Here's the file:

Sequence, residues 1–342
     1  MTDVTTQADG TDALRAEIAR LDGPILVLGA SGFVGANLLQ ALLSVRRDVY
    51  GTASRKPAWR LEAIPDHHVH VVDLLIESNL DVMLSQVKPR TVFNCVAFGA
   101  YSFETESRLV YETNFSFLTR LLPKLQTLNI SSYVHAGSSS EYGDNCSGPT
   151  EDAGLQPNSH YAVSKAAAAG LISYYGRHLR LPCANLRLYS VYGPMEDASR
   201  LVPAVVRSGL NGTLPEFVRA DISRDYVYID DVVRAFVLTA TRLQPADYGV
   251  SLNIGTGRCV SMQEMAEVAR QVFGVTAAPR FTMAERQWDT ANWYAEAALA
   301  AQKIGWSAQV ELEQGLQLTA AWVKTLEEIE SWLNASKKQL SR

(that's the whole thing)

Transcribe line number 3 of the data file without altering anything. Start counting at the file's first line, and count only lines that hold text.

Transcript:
    51  GTASRKPAWR LEAIPDHHVH VVDLLIESNL DVMLSQVKPR TVFNCVAFGA